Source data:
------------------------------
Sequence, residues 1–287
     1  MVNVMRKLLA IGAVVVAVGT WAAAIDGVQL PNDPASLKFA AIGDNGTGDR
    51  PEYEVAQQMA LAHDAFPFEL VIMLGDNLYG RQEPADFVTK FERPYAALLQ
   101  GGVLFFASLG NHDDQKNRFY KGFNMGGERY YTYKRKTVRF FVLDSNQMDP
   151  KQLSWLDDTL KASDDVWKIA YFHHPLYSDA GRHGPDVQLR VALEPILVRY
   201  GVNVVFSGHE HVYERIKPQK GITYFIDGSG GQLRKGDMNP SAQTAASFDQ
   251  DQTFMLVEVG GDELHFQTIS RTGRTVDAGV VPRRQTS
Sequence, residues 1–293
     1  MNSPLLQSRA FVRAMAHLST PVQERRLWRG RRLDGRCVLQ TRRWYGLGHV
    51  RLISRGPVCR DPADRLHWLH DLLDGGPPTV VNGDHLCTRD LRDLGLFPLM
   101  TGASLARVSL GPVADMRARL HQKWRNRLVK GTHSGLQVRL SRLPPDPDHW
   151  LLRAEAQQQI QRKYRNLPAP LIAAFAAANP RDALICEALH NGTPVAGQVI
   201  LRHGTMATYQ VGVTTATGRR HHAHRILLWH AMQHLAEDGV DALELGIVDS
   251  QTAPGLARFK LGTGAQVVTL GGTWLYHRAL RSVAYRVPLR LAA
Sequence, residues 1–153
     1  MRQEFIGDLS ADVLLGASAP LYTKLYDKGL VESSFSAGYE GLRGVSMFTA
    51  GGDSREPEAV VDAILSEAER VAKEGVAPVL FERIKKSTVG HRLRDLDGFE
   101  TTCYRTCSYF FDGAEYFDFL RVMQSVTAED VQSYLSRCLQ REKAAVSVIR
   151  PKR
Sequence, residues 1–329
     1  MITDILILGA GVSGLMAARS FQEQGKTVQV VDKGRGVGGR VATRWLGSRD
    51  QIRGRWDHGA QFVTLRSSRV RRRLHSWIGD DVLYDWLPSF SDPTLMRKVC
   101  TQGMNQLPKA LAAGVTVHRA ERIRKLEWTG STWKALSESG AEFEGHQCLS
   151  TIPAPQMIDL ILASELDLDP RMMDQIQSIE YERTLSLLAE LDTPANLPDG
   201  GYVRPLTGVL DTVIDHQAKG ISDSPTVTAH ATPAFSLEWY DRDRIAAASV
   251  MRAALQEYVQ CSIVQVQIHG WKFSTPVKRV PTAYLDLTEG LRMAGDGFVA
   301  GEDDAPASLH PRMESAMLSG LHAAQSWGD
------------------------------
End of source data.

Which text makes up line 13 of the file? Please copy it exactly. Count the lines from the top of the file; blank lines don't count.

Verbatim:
   201  LRHGTMATYQ VGVTTATGRR HHAHRILLWH AMQHLAEDGV DALELGIVDS